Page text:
On Sunday morning, preaching at City Church, I preached for the first time on the parable of the workers in the Vineyard in Matthew 20 and what we learned is that the secret of serving others comes when we;
Refuse to compare yourself to others
The parable is a story designed to change your perspective on your life and it works on you by rooting out of your heart and mine the problem of envy.
What stops us giving our lives in wholehearted service of our King? What stops us from pouring out our lives in the service of others? Isn’t it that we are continually comparing ourselves to others, competing with others? We continually assess how we are doing, continually looking at levels of accomplishment. It’s what we find Jesus’ own disciples doing just a few verses later! And envy stops you from serving others.
You will never be free to serve others until you are free from comparing yourself to others
Maybe we should note well what Jesus says both immediately before and at the end of the parable – 19:30 and 20:36. In the kingdom of heaven, in the gospel we can stop comparing ourselves to others.
How the parable works
It’s harvest time and a farmer is looking to hire people. At the beginning of the day he hires men and agrees to pay them a day’s wages. In v.3 he returns to the market place a couple of hours later and hires a few more men. Come and work for me and I will v.4 ‘pay you whatever is right’
Our farmer goes out again at the 6th, 9th and 11th hour hires more workers and then at the end of the day the farmer gives them their salary.
Starting with the last he pays them something they haven’t earned, something they haven’t deserved a full day’s wage – a denarius. You can imagine what the other workers are thinking at this point, wow this farmer pays bonuses I wonder what we’re going to get!
But as each worker steps forward he pays each of the others exactly the same wage – a denarius. You can imagine what they are thinking now, after all a day’s farming in the heat of the Palestinian day was really hard and so getting the same wage (v.11) they began to grumble against the landowner.
What’s the issue for them?
They complain to the farmer, v.12, ‘you have made them equal to us’. Here is envy at work, building resentment!
No doubt under an EU directive such behaviour would have been illegal. They would have been on the phone to their union representatives. As one commentator writes ‘Little seems more unequal than the equal treatment of unequals!’
How do you react to this parable? Do you have some sympathy with the workers? Of course we do because it looks like an injustice on the part of the farmer?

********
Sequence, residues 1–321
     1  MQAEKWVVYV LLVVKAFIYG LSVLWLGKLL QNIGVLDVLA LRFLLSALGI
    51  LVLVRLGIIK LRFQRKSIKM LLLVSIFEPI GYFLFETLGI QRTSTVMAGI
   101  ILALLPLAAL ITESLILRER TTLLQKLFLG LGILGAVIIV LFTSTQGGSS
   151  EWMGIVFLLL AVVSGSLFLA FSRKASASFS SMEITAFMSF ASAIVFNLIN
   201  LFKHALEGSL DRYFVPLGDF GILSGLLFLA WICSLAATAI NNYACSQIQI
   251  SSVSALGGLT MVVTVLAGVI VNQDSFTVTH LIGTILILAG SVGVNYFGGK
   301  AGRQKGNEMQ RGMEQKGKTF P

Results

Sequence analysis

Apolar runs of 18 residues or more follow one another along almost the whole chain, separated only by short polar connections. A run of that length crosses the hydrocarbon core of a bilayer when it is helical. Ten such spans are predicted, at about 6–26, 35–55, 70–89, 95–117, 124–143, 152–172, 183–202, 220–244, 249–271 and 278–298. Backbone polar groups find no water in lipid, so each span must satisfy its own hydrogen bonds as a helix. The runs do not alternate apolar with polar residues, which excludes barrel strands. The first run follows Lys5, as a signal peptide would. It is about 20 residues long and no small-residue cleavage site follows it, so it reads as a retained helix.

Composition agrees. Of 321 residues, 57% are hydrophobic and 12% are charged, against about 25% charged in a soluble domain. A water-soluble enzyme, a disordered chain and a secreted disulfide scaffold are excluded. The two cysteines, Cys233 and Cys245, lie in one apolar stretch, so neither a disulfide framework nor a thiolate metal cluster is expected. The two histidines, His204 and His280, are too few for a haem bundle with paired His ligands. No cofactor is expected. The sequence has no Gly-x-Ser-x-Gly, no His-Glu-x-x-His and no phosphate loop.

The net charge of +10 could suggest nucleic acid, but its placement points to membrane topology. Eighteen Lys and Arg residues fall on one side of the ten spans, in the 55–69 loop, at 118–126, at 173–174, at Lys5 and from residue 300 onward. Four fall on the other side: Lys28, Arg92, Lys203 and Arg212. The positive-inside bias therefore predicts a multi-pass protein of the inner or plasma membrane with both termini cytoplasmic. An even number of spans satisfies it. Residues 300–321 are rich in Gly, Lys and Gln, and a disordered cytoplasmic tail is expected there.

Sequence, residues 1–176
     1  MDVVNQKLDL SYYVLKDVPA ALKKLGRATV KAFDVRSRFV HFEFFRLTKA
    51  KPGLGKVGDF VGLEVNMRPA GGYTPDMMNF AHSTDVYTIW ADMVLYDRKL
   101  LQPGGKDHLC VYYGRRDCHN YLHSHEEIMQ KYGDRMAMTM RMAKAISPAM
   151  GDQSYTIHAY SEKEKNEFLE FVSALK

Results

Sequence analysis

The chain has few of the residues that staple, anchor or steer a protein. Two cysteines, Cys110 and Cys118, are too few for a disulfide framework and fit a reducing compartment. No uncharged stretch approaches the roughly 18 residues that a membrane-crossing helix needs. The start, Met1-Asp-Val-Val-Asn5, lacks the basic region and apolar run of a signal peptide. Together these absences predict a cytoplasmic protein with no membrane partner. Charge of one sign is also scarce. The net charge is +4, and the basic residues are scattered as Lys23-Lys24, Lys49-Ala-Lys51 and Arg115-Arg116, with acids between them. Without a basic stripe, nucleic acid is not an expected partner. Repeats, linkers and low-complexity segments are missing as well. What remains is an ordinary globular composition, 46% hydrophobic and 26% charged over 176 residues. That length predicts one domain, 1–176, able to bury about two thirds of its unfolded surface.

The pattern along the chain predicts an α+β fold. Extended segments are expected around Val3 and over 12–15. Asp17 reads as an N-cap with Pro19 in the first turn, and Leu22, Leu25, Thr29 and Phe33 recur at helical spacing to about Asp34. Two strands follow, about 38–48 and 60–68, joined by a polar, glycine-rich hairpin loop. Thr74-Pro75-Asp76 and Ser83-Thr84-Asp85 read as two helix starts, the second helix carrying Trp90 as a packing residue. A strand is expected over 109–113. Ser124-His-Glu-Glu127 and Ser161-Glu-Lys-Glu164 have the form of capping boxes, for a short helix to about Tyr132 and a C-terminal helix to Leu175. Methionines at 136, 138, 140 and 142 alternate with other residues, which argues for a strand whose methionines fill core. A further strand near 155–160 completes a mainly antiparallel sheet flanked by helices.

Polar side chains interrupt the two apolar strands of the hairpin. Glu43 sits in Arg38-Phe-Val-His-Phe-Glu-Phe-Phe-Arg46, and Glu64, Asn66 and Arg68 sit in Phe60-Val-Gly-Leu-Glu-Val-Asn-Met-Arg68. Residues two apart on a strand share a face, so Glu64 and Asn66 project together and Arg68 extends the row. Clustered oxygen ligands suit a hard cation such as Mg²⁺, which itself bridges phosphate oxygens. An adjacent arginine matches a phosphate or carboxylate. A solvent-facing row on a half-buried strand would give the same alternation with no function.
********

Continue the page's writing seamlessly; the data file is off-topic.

Here’s the point of the parable: our natural way of looking at life leads us to compare ourselves with others and find fault with God.
After all the only reasons the workers complain is not because of what they receive from the farmer but what they receive from the farmer in comparison to others!
To the hard workers he says, v.13, I gave you what was fair, harking back to v.4. If he had employed everyone for a day, and given a day’s wages everyone would have left satisfied, happy with their lot.
It’s not that he has been unfair to them, but that he has been more than fair to others that bugs them. But why can’t the landowner do as he pleases with his wealth. He rightly says ‘Don’t I have the right to do what I want with my own money?’
He chooses to be generous, gracious, to the last group of workers. Without giving the late workers a full days wage their families would have gone hungry.
Here is what happens when we live our lives comparing ourselves with others
The landowner says, v.15, ‘are you envious because I was generous?’ Literally, ‘is your eye evil because I am good?’
When we act in church out of selfish ambition, vain conceit, when we refuse to serve others we act from an evil eye. When we resent God’s generosity to others we are saying ‘I can’t be happy when I see God being more generous to others.’
The owner is good because he gives generously, the workers complain because they are jealous. Jealousy, wishing that you had what they had, leads us to blame God rather than praise God.
What is the solution?
To recognise that God has been good to me in calling me into his service and rewarding me for his service.
God has been more kind to me than I deserve and if I don’t deserve anything from God what business is it of mine how God treats others?
You will never be a servant of all until God sets you free from envy of others. You will spend your time comparing yourself to others and asking ‘does this person deserve my help?’ Full of resentment, anxious about what you have received you will divide your energies between those you think deserve your attention and those who don’t.
What set’s you free from comparison is focusing your energies, your prayers and your thoughts on how extraordinarily good God has been to you.
Here are 5 questions (adapted from a sermon by James Boice) to focus your thoughts:
- Why is God’s goodness to others often the occasion for anger in us?
- Why do we find it so difficult to rejoice with others over the good that enters their lives?
- Why do we spend our time calculating how we have deserved better?
- Why are we never satisfied with what we have received from God?
- Why do we always think God owes us more?
How can you actually become a servant of all?
Let the gospel change your perspective on God’s goodness to you and others
Mark Driscoll’s 10 tips on getting your message across this Easter Sunday.